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Openness has become a common concept in a growing number of scientific and academic fields. Expressions such as Open Access (OA) or Open Content (OC) are often employed for publications of papers and research results, or are contained as conditions in tenders issued by a number of funding agencies. More recently the concept of Open Data (OD) is of growing interest in some fields, particularly those that produce large amounts of data – which are not usually protected by standard legal tools such as copyright. However, a thorough understanding of the meaning of Openness – especially its legal implications – is usually lacking.
Open Access, Public Access, Open Content, Open Data, Public Domain. All these terms are often employed to indicate that a given paper, repository or database does not fall under the traditional “closed” scheme of default copyright rules. However, the differences between all these terms are often largely ignored or misrepresented, especially when the scientist in question is not familiar with the law generally and copyright in particular – a very common situation in all scientific fields.
On 17 July 2012 the European Commission published its Communication to the European Parliament and the Council entitled “Towards better access to scientific information: Boosting the benefits of public investments in research”. As the Commission observes, “discussions of the scientific dissemination system have traditionally focused on access to scientific publications – journals and monographs. However, it is becoming increasingly important to improve access to research data (experimental results, observations and computer-generated information), which forms the basis for the quantitative analysis underpinning many scientific publications”. The Commission believes that through more complete and wider access to scientific publications and data, the pace of innovation will accelerate and researchers will collaborate so that duplication of efforts will be avoided. Moreover, open research data will allow other researchers to build on previous research results, as it will allow involvement of citizens and society in the scientific process.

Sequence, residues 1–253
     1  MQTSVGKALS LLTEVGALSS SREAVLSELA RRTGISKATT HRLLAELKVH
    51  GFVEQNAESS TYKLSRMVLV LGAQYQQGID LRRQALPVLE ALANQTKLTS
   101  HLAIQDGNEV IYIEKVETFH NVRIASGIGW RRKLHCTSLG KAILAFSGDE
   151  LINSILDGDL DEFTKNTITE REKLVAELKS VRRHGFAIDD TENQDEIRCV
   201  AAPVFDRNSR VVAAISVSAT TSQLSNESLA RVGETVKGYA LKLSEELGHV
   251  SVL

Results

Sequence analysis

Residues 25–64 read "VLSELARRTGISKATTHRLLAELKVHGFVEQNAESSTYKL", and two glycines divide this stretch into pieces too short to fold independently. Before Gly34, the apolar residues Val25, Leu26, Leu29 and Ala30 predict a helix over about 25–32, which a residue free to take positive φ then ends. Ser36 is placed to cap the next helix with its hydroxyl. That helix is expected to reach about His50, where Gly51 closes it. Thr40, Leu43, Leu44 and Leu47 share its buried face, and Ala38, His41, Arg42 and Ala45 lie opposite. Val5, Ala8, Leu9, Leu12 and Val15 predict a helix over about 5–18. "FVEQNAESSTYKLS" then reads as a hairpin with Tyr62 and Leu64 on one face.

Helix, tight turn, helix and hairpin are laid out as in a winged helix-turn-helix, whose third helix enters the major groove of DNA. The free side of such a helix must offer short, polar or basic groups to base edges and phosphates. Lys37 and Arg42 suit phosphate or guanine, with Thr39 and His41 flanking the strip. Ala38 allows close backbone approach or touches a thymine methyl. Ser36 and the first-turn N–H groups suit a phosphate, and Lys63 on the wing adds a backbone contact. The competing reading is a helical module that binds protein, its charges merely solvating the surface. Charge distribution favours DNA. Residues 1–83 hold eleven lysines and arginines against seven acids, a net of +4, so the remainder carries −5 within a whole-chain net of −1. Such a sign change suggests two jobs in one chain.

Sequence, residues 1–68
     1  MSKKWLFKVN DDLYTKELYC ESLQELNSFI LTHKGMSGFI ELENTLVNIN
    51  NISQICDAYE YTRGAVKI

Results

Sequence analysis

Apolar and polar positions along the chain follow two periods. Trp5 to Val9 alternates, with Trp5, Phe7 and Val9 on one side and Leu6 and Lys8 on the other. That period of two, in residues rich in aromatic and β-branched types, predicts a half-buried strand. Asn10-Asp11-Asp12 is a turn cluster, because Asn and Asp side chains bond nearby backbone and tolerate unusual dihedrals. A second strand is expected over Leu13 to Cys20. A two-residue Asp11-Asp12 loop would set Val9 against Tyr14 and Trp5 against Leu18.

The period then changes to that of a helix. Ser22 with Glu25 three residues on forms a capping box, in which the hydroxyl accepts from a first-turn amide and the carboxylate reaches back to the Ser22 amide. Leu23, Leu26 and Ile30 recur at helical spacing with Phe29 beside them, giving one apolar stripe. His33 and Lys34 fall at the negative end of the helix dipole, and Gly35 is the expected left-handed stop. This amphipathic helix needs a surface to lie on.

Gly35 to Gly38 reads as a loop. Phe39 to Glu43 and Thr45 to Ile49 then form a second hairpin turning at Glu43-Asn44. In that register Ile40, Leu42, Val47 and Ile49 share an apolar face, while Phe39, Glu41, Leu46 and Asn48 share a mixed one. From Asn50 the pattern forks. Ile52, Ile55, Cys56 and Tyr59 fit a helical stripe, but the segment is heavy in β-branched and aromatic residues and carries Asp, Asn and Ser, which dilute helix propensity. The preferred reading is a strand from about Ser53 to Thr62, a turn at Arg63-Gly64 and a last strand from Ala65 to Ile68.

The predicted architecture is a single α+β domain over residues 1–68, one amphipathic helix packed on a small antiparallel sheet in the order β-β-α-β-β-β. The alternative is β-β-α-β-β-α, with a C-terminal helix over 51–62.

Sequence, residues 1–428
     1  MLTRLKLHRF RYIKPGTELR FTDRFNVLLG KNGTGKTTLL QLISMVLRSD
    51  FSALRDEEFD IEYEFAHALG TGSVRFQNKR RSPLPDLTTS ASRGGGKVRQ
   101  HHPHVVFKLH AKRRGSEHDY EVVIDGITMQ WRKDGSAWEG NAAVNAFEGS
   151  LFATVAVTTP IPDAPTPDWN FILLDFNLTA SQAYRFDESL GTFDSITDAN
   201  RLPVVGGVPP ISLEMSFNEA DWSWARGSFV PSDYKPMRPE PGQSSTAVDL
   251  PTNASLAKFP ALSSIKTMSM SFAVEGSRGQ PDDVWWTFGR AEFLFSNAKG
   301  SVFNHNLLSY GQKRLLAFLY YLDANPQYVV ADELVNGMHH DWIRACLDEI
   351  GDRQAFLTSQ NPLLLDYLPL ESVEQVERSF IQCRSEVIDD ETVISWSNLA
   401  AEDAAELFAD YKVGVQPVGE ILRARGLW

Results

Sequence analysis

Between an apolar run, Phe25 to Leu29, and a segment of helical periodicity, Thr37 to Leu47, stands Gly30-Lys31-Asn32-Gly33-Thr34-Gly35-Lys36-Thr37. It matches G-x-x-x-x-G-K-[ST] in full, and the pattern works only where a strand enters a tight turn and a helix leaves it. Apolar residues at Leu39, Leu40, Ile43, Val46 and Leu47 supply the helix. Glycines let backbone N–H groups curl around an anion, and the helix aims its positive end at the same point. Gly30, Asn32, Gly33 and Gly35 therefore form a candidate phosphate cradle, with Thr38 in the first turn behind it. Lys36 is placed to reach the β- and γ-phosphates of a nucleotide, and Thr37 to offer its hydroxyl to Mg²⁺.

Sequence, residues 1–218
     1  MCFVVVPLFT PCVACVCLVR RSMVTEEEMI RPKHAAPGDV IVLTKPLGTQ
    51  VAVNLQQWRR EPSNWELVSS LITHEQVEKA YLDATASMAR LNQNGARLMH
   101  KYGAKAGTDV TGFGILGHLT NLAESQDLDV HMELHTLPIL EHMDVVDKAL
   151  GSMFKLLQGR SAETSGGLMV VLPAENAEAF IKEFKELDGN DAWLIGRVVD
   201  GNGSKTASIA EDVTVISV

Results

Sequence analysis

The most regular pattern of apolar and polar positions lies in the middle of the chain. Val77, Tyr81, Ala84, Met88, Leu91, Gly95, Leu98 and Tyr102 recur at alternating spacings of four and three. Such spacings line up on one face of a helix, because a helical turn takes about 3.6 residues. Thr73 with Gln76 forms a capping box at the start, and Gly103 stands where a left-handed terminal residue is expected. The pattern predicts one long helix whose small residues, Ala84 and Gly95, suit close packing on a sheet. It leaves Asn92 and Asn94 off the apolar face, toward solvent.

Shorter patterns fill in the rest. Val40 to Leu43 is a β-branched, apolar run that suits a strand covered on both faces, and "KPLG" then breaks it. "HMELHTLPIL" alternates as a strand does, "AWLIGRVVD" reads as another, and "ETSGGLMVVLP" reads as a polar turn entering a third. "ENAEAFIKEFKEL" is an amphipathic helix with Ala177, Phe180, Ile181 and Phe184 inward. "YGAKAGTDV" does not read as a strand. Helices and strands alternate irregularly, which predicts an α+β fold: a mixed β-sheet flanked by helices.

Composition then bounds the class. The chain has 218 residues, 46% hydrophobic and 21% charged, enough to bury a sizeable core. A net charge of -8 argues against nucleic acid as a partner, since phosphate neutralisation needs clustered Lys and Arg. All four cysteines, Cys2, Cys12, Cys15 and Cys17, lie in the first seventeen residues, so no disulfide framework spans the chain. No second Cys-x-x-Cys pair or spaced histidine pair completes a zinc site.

In the Communication the Commission makes explicit reference to open access models of publications and dissemination of research results, and the reference is not only to access and use but most significantly to reuse of publications as well as research data.
The Communication marks an official new step on the road to open access to publicly funded research results in science and the humanities in Europe. Scientific publications are no longer the only elements of its open access policy: research data upon which publications are based should now also be made available to the public.
As noble as the open access goal is, however, the expansion of the open access policy to publicly funded research data raises a number of legal and policy issues that are often distinct from those concerning the publication of scientific articles and monographs. Since open access to research data – rather than publications – is a relatively new policy objective, less attention has been paid to the specific features of research data. An analysis of the legal status of such data, and on how to make it available under the correct licence terms, is therefore the subject of the following sections.
Göttingen University Press (Universitätsverlag Göttingen)
Open Access, Copyright, Database, Sui Generis, Research Data, Open Content, Creative Commons, European Union
Comparative and Foreign Law | Computer Law | Intellectual Property Law | Law | Legal Writing and Research | Science and Technology Law
Lucie Guibault & Andreas Wiebe, eds, Safe to Be Open: Study on the Protection of Research Data and Recommendations for Access and Usage (Göttingen, Germany: Göttingen University Press (Universitätsverlag Göttingen), 2013).